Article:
To answer this question we shall begin our examination by taking a look just how those civilizations – which, without a doubt, shaped our political and social systems – related to the values we hold dear today.
A SOCIETY WITHOUT MERCY As we begin to trace the history of the values of our world, we shall, first of all, take a look at how the ancients – who bequeathed to us so many of our ideas – regarded the values we cherish today.
Let me hasten to say that this is not a trick question; I am not hinting here at some far-fetched notion that we really got our values from the Far East.An excerpt from Rabbi Ken Spiro's recently published book, "World Perfect." While developing an idea for a lecture program, I conducted a series of surveys over a period of two years, asking people to list the fundamental values and principles which they felt we needed to uphold in order to make our world as perfect as is humanly possible. Overwhelmingly, my respondents – predominantly Westerners, from the United States, Canada, South America, England, France, Germany, Austria, Switzerland, the Netherlands, Spain, Portugal, Italy, etc – came up with remarkably similar answers, which could be grouped into these six categories: The respondents to my survey came from all walks of life, yet regardless of their backgrounds, they were in agreement. Where did the values and principles of the modern world come from?Indeed, they, and I venture to say most human beings the world over, deeply believe that a perfect world must include these universal values. Are these six basic ideas intrinsic to human nature? The answer I found will surprise, perhaps even shock, the reader.Western law, government, administration, and engineering were also powerfully shaped by Rome.Indeed, we do overwhelmingly get the lion's share of our culture from these civilizations.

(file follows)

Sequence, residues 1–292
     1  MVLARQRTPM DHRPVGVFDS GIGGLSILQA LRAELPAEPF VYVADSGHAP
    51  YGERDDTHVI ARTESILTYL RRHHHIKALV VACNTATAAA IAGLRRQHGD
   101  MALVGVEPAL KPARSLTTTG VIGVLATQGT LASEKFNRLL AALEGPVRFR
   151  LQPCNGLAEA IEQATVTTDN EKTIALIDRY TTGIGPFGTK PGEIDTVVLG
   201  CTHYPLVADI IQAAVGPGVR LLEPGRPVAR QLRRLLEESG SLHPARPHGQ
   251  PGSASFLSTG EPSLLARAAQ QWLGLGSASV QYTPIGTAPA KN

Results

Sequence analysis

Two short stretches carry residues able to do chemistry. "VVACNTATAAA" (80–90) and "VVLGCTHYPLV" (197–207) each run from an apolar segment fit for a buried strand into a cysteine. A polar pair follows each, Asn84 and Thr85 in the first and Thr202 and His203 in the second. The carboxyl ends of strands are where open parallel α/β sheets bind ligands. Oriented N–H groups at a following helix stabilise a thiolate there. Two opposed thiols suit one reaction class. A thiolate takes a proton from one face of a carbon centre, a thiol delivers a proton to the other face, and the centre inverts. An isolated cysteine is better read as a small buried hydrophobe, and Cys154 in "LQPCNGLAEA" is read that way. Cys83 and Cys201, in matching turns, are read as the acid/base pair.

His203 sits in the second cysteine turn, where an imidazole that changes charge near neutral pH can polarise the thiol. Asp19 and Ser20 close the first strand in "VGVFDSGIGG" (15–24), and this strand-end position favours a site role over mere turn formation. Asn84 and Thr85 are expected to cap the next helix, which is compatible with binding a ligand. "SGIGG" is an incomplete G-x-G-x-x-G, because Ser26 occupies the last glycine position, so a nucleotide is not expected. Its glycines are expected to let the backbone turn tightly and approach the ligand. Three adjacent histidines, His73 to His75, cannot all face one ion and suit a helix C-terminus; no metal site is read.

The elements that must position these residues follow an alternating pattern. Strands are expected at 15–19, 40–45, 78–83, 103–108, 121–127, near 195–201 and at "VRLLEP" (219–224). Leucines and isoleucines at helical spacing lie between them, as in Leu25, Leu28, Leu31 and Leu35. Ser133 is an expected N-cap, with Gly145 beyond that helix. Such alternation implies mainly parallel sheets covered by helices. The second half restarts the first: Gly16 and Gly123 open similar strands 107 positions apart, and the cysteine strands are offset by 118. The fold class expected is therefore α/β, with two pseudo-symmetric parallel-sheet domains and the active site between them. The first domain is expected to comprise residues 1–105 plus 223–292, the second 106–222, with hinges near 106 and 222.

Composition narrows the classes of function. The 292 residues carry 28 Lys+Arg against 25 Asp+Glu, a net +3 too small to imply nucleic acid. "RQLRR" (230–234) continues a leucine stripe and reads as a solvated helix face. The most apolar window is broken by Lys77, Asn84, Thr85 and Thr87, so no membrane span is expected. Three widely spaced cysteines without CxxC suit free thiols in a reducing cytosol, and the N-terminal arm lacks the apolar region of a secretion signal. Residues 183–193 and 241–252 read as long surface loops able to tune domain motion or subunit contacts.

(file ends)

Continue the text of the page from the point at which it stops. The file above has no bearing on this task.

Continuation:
During your opening Tinder message, be sure to remind your match that you are mortal and will one day perish.